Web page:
The government’s new scheme for part or fully subsidised insulation should benefit over 300,000 homes. Find out if you’re eligible today.
If you live in a home in a lower council tax band with low energy efficiency, help may be at hand. The Great British Insulation Scheme launched in September 2023, making grants available for households which need insulation installed.
These measures are intended to improve the energy efficiency of over 300,000 homes across England, Scotland and Wales, saving families between £300-£400 on their heating bills.
But what improvements are available? And does your home qualify for a grant? Here we look at the ins and outs of the Great British Insulation Scheme.
And if you’re thinking of switching energy supplier, see how to do an energy comparison to find the cheapest deals.
Free Look After My Bills money-saving email
What is the Great British Insulation Scheme?
This government initiative launched on 14 September 2023, and is intended to help people insulate their homes. The goal is for properties to become more energy efficient, ultimately saving householders money on their heating bills. It’s currently scheduled to run until March 2026.
At the time of writing, around 1,140 measures have been installed in 1,026 households nationwide. And this number is going up month on month.
Previously known as ECO+, the £1 billion scheme aims to help eligible households in England, Scotland and Wales wrap their homes in insulation, such as loft insulation, and solid or cavity wall insulation.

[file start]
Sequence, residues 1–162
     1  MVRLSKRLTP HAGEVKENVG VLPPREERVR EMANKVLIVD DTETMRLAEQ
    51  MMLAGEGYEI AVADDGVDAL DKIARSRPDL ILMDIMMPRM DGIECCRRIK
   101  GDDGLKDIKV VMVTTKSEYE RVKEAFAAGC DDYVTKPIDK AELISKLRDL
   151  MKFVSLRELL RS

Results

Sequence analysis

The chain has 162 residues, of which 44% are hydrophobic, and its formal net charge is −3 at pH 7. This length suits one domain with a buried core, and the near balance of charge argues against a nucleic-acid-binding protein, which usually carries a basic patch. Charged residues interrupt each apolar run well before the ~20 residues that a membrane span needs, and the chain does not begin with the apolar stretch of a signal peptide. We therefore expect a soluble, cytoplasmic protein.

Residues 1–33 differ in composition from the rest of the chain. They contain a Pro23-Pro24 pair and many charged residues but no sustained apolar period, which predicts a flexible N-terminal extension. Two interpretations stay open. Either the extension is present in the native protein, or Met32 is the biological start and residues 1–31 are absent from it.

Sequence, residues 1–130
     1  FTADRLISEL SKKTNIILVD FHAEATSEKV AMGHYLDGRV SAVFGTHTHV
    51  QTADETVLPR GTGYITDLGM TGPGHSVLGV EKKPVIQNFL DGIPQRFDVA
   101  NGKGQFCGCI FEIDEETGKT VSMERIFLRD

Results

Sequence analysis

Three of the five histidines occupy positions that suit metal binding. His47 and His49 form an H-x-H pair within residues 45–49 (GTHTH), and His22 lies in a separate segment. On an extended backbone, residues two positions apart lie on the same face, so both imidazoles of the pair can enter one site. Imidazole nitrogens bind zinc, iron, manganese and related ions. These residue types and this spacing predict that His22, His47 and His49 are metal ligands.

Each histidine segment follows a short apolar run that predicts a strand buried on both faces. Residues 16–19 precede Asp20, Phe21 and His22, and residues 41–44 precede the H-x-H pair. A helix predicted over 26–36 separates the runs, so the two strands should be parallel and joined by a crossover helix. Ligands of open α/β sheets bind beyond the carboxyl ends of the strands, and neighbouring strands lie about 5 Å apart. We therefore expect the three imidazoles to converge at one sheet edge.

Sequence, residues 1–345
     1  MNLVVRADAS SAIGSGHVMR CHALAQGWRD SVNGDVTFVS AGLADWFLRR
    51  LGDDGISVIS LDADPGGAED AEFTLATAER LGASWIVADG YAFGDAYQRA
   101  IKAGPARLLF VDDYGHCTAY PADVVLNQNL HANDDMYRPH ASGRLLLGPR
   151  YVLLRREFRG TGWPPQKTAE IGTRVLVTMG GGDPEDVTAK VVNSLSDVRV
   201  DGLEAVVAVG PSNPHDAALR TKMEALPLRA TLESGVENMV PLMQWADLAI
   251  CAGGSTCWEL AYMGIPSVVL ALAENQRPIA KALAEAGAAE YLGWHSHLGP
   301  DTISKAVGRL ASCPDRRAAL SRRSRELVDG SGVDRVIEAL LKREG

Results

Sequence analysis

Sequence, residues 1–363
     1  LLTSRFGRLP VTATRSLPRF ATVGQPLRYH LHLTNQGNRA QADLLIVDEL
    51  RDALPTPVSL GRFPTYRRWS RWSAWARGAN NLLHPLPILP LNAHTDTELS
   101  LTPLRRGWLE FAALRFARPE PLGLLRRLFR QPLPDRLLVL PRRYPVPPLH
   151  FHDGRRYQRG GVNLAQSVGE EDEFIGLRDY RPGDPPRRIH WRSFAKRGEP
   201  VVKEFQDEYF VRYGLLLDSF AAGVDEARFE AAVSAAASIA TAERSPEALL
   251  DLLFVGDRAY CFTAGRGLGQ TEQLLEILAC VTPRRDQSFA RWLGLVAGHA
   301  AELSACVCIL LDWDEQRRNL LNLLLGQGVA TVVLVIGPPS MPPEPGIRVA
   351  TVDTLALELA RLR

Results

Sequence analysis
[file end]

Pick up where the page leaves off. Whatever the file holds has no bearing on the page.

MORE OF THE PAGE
According to Lord Callanan, Minister for Energy Efficiency and Green Finance: “Boosting the energy efficiency of homes creates the best long-term protection against fuel poverty for the most vulnerable.
“That’s why we are helping families with extra support to make their homes warmer, while saving hundreds on energy costs.”
The scheme runs alongside an existing program called the Energy Company Obligation (ECO). With participation from energy suppliers, this offers free energy efficiency improvements to homes. This can include insulation, but also extends to solar panels and heat pumps to low-income households.
What kind of insulation is available?
Households can potentially get help with a range of insulation types:
- Cavity wall insulation
- Solid wall insulation (either internal or external)
- Loft insulation
- Flat or pitched roof insulation
- Underfloor insulation
- Solid floor insulation
- Room-in-roof insulation
- Park home insulation
At the time of writing, cavity wall insulation is by far the most popular of the measures installed, followed by loft insulation and new heating controls.
But what are these types of insulation, exactly?
The most common types of insulation are as follows:
- Loft insulation. In an uninsulated home, about a quarter of heat is lost through the roof. You can help trap this heat with mineral wool insulation, which is installed in the rafters. Installation will be slightly different if you have a flat roof, but the principle is the same.